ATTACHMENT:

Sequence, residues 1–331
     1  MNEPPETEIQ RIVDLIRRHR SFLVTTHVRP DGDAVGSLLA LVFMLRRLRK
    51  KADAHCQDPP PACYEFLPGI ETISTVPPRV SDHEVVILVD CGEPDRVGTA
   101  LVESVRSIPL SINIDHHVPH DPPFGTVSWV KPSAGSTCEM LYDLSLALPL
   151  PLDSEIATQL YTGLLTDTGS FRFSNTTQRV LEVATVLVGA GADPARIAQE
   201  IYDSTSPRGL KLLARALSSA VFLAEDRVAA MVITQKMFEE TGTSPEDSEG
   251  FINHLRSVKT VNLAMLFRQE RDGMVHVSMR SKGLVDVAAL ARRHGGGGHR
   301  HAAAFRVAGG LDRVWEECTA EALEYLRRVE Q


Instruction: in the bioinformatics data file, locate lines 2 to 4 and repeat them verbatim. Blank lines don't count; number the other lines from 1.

     1  MNEPPETEIQ RIVDLIRRHR SFLVTTHVRP DGDAVGSLLA LVFMLRRLRK
    51  KADAHCQDPP PACYEFLPGI ETISTVPPRV SDHEVVILVD CGEPDRVGTA
   101  LVESVRSIPL SINIDHHVPH DPPFGTVSWV KPSAGSTCEM LYDLSLALPL